John Connell’s superb dissection of The Delusion of Status-Conferred Authority has prompted me to write this piece:

Imagine this.

A teacher who, like many others, spends much of her non-working life reading, thinking, breathing education, is denied permission to attend an event not unlike the one described here. Denied, because she does not have a strategic role in The Authority (though the manager’s name was not Mrs Coulter!). Denied because it is not her place to have opinions about the future of education. She is to wait patiently until her superiors deliver directives, which she should then carry out. And to stop being so uppity.

This, despite the fact that she offers to cover the (not inconsiderable) costs (or to take unpaid leave); despite the fact that she needs no supply cover for the 31/2 hours she needs to be away from the chalk face; despite the fact that the rhetoric of distributed leadership is loudly proclaimed.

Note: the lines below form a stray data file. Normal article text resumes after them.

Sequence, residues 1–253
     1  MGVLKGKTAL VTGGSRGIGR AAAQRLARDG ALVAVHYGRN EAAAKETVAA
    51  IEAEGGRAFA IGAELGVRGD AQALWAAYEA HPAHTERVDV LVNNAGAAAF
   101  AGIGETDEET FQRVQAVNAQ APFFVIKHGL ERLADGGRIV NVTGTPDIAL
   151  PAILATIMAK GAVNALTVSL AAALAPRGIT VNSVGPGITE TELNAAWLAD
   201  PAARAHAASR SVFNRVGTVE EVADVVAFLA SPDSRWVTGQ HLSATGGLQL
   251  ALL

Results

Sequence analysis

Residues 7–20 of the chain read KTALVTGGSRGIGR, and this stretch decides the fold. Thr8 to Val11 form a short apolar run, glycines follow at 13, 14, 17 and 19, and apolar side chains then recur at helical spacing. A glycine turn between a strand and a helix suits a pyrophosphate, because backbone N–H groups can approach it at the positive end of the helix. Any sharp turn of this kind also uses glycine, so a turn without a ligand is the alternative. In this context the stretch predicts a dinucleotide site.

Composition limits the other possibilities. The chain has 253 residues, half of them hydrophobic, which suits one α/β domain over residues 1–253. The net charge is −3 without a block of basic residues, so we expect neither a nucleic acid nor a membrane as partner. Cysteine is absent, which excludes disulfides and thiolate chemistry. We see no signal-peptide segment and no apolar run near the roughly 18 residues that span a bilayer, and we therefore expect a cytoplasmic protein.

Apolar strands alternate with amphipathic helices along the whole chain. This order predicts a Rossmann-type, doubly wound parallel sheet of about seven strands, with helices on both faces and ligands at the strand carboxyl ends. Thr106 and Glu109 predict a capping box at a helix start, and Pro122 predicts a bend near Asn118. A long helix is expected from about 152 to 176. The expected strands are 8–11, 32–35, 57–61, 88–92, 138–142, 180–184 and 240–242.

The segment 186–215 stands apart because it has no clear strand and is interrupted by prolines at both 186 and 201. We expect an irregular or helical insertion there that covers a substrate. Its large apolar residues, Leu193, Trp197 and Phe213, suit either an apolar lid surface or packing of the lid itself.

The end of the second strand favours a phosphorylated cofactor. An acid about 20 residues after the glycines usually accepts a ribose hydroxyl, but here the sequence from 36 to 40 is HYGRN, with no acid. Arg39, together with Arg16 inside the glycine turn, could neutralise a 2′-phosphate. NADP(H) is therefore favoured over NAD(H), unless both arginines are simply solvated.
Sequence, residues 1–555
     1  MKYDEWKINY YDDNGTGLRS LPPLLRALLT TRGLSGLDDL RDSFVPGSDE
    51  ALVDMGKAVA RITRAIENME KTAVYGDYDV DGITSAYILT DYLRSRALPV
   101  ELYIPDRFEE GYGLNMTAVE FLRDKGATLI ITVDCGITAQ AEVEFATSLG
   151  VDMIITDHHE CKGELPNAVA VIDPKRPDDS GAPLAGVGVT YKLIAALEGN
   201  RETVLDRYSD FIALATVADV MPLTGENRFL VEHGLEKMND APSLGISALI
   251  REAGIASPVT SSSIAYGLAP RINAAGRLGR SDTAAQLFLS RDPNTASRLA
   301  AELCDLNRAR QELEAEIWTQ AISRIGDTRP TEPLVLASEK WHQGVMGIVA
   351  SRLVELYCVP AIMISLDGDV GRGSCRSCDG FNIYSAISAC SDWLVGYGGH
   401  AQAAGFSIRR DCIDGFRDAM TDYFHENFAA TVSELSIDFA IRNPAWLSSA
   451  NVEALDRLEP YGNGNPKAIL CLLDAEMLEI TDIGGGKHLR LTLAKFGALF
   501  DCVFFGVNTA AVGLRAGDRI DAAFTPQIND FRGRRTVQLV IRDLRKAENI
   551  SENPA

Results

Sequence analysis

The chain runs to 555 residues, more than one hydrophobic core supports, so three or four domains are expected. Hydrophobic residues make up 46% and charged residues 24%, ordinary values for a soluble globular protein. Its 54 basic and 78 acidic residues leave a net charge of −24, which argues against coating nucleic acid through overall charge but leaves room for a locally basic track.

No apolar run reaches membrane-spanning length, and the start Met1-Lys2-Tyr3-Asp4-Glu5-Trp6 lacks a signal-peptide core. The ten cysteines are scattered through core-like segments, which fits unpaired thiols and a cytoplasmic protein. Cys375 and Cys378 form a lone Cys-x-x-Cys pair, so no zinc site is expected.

The teacher requests a rationale for the decision. Others are attending, so the quality of the event is not necessarily in doubt. It must be a question of status. Another professional – one with a larger pay packet – is referred to. The event is pronounced ‘bone fide’. (No one was to know that the reality reflected a little the hierarchical mindset of her own managers.) After many negotiations, the teacher (eternally grateful for the beneficence of her betters) is allowed to go.

But when she returns she shares her learning only with those colleagues with a like interest, surreptitiously so as not to rock any boats. And she dreams of a future education system in which all are recognised as learners; one in which even those who have taken conscious decisions to remain in the classroom are treated with equity and respect.

But she’ll be long retired by 2020.


(Thanks to agrewe22 for the photos)